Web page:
At 0700 I woke to shipping containers and cranes passing by the window. After breakfast, the ship was tied up to the pier at Snug Harbor. Equipment had been eagerly waiting in the staging bay since the night before to be unloaded. Within fifteen minutes of the ship’s halt, cranes were swinging back and forth.
I donned my hard hat and skipped down the gangway to land – land that is firm and does not tilt in unexpected ways. I was so wrapped up in my hardhat activities that I didn’t notice the atrophy of my sea legs into regular old land legs. I spend the morning on the dock with Jefrey, on the back of the flatbed truck waiting for metal baskets of equipment to come swinging off the stern to land.
The boxes were full of the computers that had covered a whole wall of the lab, left over zip ties that didn’t get the chance to secure anything, rolls of electrical tape, whip cream canisters of compressed air for cleaning electronics, pens, pencils and plenty of scrap paper for early watch doodling, wrenches, screwdrivers, titanium hardware, the drill for making loud noises and tightening screws with enthusiasm, iridium cables coaxed into coils and Velcro-ed tightly to eliminate escape, the cameras for daily documentation, the deceivingly light boxes which once held instruments that are now at on the seafloor, the lines to hold the boxes in place in the event of a particularly deep roll to starboard, the WHOTS instruments and battery packs all prepped for the cruise ahead. These things will all have to find a new home and a new life.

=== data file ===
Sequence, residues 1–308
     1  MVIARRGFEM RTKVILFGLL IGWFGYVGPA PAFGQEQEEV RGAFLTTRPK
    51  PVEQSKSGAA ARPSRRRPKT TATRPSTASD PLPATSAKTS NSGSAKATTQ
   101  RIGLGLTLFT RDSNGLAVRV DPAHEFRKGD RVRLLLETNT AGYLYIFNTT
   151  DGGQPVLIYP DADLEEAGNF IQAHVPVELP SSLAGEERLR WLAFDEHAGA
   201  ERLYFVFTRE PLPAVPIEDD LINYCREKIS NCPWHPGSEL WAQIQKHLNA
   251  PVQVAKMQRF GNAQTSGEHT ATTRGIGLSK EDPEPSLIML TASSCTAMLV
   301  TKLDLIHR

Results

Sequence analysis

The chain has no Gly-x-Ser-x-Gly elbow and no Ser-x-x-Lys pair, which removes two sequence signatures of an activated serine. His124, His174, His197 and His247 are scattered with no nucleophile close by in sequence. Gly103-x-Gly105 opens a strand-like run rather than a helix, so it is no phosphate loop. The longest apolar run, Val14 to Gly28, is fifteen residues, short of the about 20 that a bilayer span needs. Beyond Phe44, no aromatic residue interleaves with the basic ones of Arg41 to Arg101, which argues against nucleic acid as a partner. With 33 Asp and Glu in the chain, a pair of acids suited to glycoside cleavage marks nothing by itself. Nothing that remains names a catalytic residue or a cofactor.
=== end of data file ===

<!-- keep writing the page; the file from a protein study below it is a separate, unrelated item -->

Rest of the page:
The flatbed truck had seemed twice as big as the benches under which we stored all of this equipment. Despite Jefrey’s spatial consolidation, the capacity of the flatbed rapidly decreased until there was barely enough room for me to sit on the edge to wait for the next load to come over. Just when it seemed like everything that could have possibly fit in the lab had been passed over, the crane’s neck lifted and at the end of its beak hung another basket full of goodies. Like Mary Poppins, Jefrey managed to rearrange things to make room for 3 more computers, ‘mini Makaha’ – two boxes filled with wires and cables meant to simulate those of Makaha, – a lamp, a rocking chair and a flying umbrella. The crane delivered one more basket, which even Mary Poppins would have refused, so its contents will wait at Snug for another day.
Towering over the forest green crane that brought us our baskets – even towering over the KM – was a yellow and black crane that dealt with the heavy machinery worth many M&M’s. Without trying to imply that Jason is overweight, he does require a bit more attention in hoisting. To protect his backside from swinging into the ship or the doghouse or the flatbed, sailors stood by with tag lines directing his backside to safety. The control van, which is actually two separate vans connected together, was next. The vans were hoisted off one by one so as it swung you could see through the open side into the seats Deb and I used to occupy like a view into a dollhouse.
Later, Jefrey, Bruce and I took the truck back to the University where every box found its place on top of a bench or on top of one another. Some people stayed on the ship to tidy and mop the areas we had inhabited over the last 18 days. We reconvened in the evening, at the generosity of Roger, at a restaurant on the water where Pufferfish lamps and strings of colored lights hung from the ceiling to celebrate land, sea and the last shots fired in the troubleshooting battle at the bottom of the ocean in favor of the good guys– and real time data from 5 km below the surface.